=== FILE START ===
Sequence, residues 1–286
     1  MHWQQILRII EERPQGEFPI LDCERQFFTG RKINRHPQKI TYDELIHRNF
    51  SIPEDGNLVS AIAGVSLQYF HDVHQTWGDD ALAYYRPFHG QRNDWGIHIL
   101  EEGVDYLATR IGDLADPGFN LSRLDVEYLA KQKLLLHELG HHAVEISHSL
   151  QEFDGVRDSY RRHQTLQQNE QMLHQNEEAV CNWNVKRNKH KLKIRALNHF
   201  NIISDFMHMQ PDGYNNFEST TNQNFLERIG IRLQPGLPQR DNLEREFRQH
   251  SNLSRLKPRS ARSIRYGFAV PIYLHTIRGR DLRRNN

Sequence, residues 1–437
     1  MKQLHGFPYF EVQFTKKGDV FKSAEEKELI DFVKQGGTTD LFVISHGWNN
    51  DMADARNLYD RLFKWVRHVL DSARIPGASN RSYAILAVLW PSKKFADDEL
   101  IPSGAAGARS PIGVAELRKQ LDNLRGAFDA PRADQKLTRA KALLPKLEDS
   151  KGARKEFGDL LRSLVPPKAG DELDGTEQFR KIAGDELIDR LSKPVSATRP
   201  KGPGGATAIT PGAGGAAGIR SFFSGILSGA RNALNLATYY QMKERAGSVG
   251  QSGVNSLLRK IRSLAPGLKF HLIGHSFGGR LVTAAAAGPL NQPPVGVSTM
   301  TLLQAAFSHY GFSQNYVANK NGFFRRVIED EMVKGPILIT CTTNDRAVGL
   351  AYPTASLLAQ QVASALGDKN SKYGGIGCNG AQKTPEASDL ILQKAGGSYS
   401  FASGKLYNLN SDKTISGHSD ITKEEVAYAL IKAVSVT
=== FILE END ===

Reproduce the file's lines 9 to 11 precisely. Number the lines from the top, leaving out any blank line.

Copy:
     1  MKQLHGFPYF EVQFTKKGDV FKSAEEKELI DFVKQGGTTD LFVISHGWNN
    51  DMADARNLYD RLFKWVRHVL DSARIPGASN RSYAILAVLW PSKKFADDEL
   101  IPSGAAGARS PIGVAELRKQ LDNLRGAFDA PRADQKLTRA KALLPKLEDS